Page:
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Time breast-feeding cover: On parenting, can we all get along?

Parenting trends – including 'attachment parenting' – come and go, but fervent debate about tactics is rooted in widespread parental insecurity and the so-called middle class 'mommy wars.'  

By Staff writer / May 11, 2012

Time magazine's current breastfeeding cover. The US ranks last among the 36 industrialized nations in support of breastfeeding. But the extended breastfeeding cover image – as in an elderly toddler suckling his model-mother's breast – is Time's angle into the American trend of attachment parenting.




America got together this week on the national playground to talk mommies, breastfeeding, and good parenting. Time and their cover model-mom, Jamie Lynne Grumet, made sure of that, as the pretty, hand-on-her-hip mom looked out from supermarket magazine aisles, her near-4-year-old son standing on a chair, attached to her breast with his mouth, while Time asked, “Are you mom enough?”

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The peculiar intimacy portrayed, the size of the child, and questions about whose needs are really being met in the Grumet family set off a fervent debate in a country that ranks 36th among industrialized nations when it comes to breast-feeding, and where “normal” parenting is hard to define because of America’s cultural diversity.

Is this good? Some say the picture helps to normalize breast-feeding and the idea of “attachment parenting,” which means extended breast-feeding, co-sleeping, and refraining from using the word “no,” ideas espoused by best-selling parenting book author William Sears, whom Time suggests “remade motherhood.” (The philosophical underpinnings of attachment parenting actually date back to the 1950s.)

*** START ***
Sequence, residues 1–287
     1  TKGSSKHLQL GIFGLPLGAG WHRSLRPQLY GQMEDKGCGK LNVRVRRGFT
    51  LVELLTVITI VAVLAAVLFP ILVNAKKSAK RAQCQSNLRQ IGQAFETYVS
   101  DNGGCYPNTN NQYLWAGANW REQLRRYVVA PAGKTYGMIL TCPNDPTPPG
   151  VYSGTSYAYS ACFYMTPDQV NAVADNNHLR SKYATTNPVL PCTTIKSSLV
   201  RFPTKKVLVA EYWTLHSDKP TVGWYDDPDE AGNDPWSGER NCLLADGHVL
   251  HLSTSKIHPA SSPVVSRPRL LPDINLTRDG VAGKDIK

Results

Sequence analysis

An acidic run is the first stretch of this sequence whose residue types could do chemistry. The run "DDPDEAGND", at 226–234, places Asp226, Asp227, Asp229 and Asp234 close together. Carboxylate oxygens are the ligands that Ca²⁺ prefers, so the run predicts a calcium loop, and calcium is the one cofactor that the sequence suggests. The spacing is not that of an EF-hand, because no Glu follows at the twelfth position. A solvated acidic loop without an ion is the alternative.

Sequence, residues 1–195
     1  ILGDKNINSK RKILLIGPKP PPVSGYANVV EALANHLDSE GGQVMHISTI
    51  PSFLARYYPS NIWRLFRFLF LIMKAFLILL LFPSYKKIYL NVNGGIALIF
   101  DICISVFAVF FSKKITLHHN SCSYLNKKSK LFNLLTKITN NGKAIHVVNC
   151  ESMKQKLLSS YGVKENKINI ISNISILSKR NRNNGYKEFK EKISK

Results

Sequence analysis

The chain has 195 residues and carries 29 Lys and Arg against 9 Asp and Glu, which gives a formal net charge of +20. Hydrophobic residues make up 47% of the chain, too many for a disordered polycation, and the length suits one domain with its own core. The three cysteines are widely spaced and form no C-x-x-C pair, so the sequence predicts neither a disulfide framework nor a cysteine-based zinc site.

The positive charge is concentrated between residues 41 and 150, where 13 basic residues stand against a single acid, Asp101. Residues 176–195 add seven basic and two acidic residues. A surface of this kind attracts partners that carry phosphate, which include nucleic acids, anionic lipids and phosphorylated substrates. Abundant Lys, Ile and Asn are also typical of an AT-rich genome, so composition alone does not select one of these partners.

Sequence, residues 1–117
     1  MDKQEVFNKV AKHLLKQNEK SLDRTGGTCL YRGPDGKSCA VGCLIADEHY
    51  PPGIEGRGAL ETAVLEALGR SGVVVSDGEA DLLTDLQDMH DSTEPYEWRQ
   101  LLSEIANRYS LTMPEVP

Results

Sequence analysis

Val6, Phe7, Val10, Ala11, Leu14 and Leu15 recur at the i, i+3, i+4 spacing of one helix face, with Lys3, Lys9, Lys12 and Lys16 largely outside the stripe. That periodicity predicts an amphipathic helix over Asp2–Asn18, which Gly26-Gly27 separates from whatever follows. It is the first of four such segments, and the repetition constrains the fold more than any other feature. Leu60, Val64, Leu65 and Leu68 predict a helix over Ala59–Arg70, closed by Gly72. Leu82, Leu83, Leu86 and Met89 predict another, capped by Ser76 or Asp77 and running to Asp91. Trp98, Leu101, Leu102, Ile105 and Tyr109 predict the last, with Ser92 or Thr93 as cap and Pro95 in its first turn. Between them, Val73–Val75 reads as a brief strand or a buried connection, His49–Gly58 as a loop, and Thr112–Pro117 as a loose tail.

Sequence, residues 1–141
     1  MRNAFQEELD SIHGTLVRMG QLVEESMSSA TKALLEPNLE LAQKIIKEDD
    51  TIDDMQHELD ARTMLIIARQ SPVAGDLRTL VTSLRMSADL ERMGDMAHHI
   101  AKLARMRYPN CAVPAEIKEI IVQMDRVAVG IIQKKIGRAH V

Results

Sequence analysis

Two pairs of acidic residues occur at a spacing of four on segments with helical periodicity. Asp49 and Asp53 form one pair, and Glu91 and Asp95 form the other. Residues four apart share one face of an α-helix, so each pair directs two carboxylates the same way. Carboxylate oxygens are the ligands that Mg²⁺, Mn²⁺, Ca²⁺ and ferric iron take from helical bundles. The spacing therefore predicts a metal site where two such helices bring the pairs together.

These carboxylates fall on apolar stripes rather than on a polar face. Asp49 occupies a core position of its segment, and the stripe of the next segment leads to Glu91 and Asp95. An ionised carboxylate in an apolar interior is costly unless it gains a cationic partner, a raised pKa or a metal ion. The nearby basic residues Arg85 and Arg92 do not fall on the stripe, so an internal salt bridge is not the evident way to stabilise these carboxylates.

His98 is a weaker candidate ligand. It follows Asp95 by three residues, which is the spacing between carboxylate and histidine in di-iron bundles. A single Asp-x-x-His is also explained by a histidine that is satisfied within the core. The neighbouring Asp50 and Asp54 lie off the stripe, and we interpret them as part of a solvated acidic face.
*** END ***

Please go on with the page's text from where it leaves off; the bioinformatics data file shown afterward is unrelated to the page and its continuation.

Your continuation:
Is it bad? Some say the picture itself, more than the idea of what some would call over-attentive parenting, is an example of parenting gone badly wrong. “This is self-centeredness at its worst, sold as good parenting,” writes Keith Ablow, a psychiatrist, on Fox News.

In an era of helicopter parents and delayed nest-jumping, these are all debatable points. But the core of debate over the provocative picture is fueled by the extent to which American moms and dads are ready and willing to debate their own basic parental insecurities: Am I doing this right? How do I know?

“Part of the issue here is, she can do whatever she wants, there’s no abuse going on,” says Joani Geltman, a child development expert in Cambridge, Mass. “It’s a way for people to look at their own values and their own belief systems, which I think is what a good magazine article does. It gets you to look at your own life and your own family, and your own children and ask, Why wouldn’t I do this? What’s my belief system that I wouldn’t do this?”

To be sure, what Ms. Geltman calls the photo’s “icky” quality suggests that America as a whole may not be totally comfortable with so-called “child-led weaning” espoused by Sears. According to an unscientific online poll by MSNBC, 73 percent of respondents said they would rather not see those kinds of images.

One mom who took part in the Time photo shoot said the confrontational nature of the photograph and the headline may actually serve to inflame middle-class “mommy wars.”


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